Overall, sentiment is that the economy will continue to expand in the near-term, but at a moderate pace
Following back-to-back monthly increases and reaching a high not seen in nearly a decade last month, U.S. consumer confidence declined in October.
The Conference Board's Consumer Confidence Index now stands at 98.6, down from the 103.5 seen in September.
According to The Conference Board, consumers' appraisal of current conditions softened in October. Those saying that business conditions are "good" decreased moderately from 27.7 percent to 26.2 percent, while those saying that business conditions are "bad" increased from 15.8 percent to 17.7 percent.
Consumers' assessment of the labor market was also less positive than last month. Those stating that jobs are "plentiful" decreased from 27.6 percent to 24.3 percent, while those claiming that jobs are "hard to get" declined marginally from 22.3 percent to 22.1 percent.
The Conference Board reports that consumers' optimism regarding the short-term outlook was somewhat less favorable in October. The percentage of consumers expecting business conditions to improve over the next six months decreased from 17.0 percent to 16.0 percent, while those expecting business conditions to worsen increased from 10.8 percent to 12.2 percent.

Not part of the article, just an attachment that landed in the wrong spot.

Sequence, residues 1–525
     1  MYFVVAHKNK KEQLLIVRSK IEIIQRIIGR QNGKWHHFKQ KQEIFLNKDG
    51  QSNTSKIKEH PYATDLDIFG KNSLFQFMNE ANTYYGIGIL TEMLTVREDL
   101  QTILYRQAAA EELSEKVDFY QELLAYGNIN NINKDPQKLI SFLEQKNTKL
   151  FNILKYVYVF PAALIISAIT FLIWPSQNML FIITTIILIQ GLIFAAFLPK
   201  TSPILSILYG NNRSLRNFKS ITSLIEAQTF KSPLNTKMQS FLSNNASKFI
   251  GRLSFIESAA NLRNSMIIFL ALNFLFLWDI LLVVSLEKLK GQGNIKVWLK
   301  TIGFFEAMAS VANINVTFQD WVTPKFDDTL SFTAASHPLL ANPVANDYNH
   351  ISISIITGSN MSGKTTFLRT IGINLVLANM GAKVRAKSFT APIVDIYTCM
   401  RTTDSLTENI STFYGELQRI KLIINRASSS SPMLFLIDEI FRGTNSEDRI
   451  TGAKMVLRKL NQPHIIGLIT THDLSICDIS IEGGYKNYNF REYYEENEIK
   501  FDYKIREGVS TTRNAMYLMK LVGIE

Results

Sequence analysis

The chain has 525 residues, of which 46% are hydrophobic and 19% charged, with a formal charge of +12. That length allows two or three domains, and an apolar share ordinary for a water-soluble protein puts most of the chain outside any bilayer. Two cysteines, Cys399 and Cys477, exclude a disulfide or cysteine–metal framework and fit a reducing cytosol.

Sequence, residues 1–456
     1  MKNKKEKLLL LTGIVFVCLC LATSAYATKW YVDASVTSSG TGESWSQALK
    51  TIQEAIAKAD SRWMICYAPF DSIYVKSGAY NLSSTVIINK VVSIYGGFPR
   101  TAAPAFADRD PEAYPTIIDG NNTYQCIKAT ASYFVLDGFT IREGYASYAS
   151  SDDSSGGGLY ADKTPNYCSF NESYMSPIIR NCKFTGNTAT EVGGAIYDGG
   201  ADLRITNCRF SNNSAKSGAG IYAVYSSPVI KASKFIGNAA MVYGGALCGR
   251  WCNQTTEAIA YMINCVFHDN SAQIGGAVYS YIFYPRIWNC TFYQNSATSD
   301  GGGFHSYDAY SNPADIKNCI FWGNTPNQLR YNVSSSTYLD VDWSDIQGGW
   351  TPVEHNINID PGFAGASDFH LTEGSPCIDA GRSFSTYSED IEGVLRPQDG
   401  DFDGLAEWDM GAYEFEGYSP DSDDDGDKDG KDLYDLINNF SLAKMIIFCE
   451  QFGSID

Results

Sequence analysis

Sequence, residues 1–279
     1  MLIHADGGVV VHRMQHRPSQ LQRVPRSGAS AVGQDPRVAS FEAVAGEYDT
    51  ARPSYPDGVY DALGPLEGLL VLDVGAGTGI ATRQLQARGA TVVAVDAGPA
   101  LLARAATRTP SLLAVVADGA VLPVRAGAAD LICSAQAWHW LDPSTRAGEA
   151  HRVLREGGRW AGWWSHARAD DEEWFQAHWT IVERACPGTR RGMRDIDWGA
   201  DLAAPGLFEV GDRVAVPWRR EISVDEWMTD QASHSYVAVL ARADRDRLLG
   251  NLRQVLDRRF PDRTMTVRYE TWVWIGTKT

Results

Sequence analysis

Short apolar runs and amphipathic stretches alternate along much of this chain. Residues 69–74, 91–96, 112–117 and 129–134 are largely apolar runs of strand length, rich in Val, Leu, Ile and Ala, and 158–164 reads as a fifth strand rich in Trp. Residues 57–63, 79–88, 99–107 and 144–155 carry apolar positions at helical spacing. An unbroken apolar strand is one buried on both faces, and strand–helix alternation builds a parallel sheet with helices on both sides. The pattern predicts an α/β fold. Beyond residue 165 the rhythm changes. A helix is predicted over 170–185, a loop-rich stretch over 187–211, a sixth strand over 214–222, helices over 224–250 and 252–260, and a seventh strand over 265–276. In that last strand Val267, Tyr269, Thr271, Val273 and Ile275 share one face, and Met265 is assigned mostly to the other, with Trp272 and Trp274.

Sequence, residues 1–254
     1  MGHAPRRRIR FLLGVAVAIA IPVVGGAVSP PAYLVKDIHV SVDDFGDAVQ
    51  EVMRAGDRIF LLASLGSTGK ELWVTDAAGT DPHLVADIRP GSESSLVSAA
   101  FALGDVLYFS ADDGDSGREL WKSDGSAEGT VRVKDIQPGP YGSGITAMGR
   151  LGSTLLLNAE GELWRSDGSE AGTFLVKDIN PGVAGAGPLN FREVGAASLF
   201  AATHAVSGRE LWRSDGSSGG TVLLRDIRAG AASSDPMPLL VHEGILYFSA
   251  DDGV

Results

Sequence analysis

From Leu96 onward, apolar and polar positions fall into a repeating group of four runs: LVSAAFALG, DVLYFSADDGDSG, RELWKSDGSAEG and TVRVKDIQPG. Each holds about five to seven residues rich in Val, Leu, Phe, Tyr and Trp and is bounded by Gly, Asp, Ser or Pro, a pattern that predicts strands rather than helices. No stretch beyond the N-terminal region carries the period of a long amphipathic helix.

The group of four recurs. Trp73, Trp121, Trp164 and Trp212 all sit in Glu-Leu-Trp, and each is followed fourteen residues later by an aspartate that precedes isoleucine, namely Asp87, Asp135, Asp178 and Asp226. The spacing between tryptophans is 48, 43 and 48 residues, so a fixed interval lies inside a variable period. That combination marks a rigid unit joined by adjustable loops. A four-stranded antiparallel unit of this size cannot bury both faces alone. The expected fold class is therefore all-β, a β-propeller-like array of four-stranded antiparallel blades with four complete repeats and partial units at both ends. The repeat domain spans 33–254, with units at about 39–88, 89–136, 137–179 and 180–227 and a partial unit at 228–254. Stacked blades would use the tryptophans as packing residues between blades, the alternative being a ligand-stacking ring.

Consumers' outlook for the labor market was also less optimistic. The proportion expecting more jobs in the months ahead decreased from 15.7 percent to 13.1 percent. However, those anticipating fewer jobs declined from 18.1 percent to 17.0 percent. The percentage of consumers expecting their incomes to increase was unchanged at 17.5 percent, while the proportion expecting a decline decreased from 10.4 percent to 9.8 percent.
"Consumer confidence retreated in October, after back-to-back monthly gains," said Lynn Franco, Director of Economic Indicators at The Conference Board. "Consumers' assessment of current business and employment conditions softened, while optimism regarding the short-term outlook retreated somewhat. However, consumers' expectations regarding their income prospects in the coming months were relatively unchanged. Overall, sentiment is that the economy will continue to expand in the near-term, but at a moderate pace."
The monthly Consumer Confidence Survey, based on a probability-design random sample, is conducted for The Conference Board by Nielsen, a global provider of information and analytics around what consumers buy and watch.
Source: The Conference Board